In the wake of the shootings at Sandy Hook, Don Dunn, the superintendent at Van ISD, 70 miles southeast of Dallas, sent a memo to parents explaining what the district was doing post-Sandy Hook to ensure students' safety. These included adding school resource officers, brushing up on emergency drills, locking classroom doors, and adding a security system.
When the Van ISD Board of Trustees met in January, they added something else: guns.
As the district explained in a press release, the board authorized "specific school employees and other persons" to carry guns on school property.
That way, there would be people who could properly respond to any number of scenarios "including invasion of the schools by an armed outsider, hostage situations, students who are armed and posing a direct threat of physical harm to themselves or others, and similar circumstances."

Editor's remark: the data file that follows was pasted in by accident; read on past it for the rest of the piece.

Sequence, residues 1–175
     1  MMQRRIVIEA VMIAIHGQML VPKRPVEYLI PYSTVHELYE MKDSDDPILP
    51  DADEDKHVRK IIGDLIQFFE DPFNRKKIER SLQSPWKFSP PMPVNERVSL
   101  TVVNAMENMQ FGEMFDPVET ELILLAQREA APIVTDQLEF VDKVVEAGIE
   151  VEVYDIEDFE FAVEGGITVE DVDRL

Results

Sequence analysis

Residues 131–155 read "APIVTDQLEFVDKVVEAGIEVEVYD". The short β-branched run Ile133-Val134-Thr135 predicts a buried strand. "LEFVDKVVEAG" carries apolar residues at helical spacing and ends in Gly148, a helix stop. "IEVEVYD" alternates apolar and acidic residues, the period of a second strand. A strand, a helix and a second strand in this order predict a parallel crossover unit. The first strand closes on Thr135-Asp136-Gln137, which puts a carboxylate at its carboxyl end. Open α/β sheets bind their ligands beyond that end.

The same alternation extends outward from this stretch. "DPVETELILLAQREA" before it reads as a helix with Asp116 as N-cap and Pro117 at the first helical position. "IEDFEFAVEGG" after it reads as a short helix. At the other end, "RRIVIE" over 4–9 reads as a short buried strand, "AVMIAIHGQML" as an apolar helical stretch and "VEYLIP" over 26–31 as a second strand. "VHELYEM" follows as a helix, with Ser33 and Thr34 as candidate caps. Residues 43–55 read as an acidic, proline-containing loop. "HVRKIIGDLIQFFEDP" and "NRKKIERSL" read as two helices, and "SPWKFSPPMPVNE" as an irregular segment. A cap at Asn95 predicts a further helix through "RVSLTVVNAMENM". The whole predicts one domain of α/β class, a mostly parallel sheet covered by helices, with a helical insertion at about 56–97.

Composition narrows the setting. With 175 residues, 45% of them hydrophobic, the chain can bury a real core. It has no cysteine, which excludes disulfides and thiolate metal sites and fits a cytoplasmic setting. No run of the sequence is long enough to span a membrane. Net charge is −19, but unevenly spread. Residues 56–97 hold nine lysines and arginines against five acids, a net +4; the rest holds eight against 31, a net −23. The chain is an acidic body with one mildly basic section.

The district ordered a training class on Wednesday to train employees on the proper use of firearms. There, one of those employees, who wasn't identified by the district, shot himself in the leg.
According to a statement released today by the district and reported by the Tyler Morning-Telegraph, the individual stayed after class to have the instructor check out a "mechanical malfunction."
"With the assistance of the instructor, the malfunction was addressed, but the gun misfired and the bullet ricocheted coming back to strike the VISD employee in the left leg," the statement read. "The VISD employee was attended to at the scene and transferred to Tyler for further treatment. The injury is not life threatening or disabling. Because of privacy and security issues we cannot make any further statement."
Guns in schools: what could possibly go wrong?